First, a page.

We're not alone in that. In this recent story on NPR it was observed that in many fields that's an issue. There is excitement over the new and groundbreaking, but not much over confirming (or disproving) something already started.
For chaplains, at least, this has resulted in a host of small studies, essentially pilot studies that demonstrate (if they demonstrate anything) that a subject can be studied, and that perhaps there is value in studying it again. And if no one actually studies it again, the potential value is lost. So, the authors point out,
If study questions, methods and outcomes are carefully chosen they will build upon and integrate with other work in the field of spiritual care. One way to support a focused research agenda is to fund research through one or more central consortia, which would set the research agenda, fund studies through a Request for Proposals process, and promote communication and capacity building among the research groups. The consortium would be advised by clinical and research leaders in chaplaincy who would set the basic parameters of the research, monitor its progress, and serve as mentors to new researchers.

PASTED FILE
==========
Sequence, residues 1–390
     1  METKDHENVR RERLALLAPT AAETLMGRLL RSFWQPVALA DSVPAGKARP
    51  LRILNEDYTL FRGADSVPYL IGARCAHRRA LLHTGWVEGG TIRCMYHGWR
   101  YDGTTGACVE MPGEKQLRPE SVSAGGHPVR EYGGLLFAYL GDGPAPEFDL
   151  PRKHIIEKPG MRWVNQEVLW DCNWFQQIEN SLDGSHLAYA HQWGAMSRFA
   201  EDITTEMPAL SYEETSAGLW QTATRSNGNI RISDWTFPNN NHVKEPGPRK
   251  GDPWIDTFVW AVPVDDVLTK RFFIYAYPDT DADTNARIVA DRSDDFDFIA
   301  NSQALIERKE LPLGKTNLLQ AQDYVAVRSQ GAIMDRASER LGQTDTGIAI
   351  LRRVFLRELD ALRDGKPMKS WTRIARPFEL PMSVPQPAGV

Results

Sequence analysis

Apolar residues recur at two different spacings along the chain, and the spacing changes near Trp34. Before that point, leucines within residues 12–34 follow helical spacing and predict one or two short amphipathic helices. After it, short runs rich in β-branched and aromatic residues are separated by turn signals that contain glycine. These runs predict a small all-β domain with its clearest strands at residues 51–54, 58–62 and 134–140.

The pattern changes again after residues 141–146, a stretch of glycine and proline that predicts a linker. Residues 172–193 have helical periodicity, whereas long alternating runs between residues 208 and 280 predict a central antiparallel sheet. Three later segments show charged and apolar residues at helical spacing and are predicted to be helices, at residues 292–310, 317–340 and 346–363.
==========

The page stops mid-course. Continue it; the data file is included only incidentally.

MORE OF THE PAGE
This is certainly an issue that the professional organizations, and larger chaplaincy institutions (like HCCN) might take up, whether individually or as part of a proposed consortium: choosing topics for study, or replicating worthwhile pilot studies, on a large, even multicenter scale. We might even be able to leverage recent changes in healthcare in general to support that. For example, a number of centers using the same electronic medical record platform might add specific pieces to their documentation. That would allow consistency and ease of access to the data across a variety of institutions. Such a proposed consortium, or even a single body adept at coordination and grant writing, could help make these meaningful steps.
The paper, Literature Review - Testing the Efficacy of Chaplaincy Care, from HCCN is a significant contribution to the field, one that many may have missed. I think all of us should review at least the Executive Summary. Those of us with a more active interest in research should dig further (and, after all, for those of us whose continuing education requirements include some focus on research, there are several contact hours to be acquired here, covering the good work). While HCCN has become a center of controversy, we also do not want to ignore their important contributions, including this one.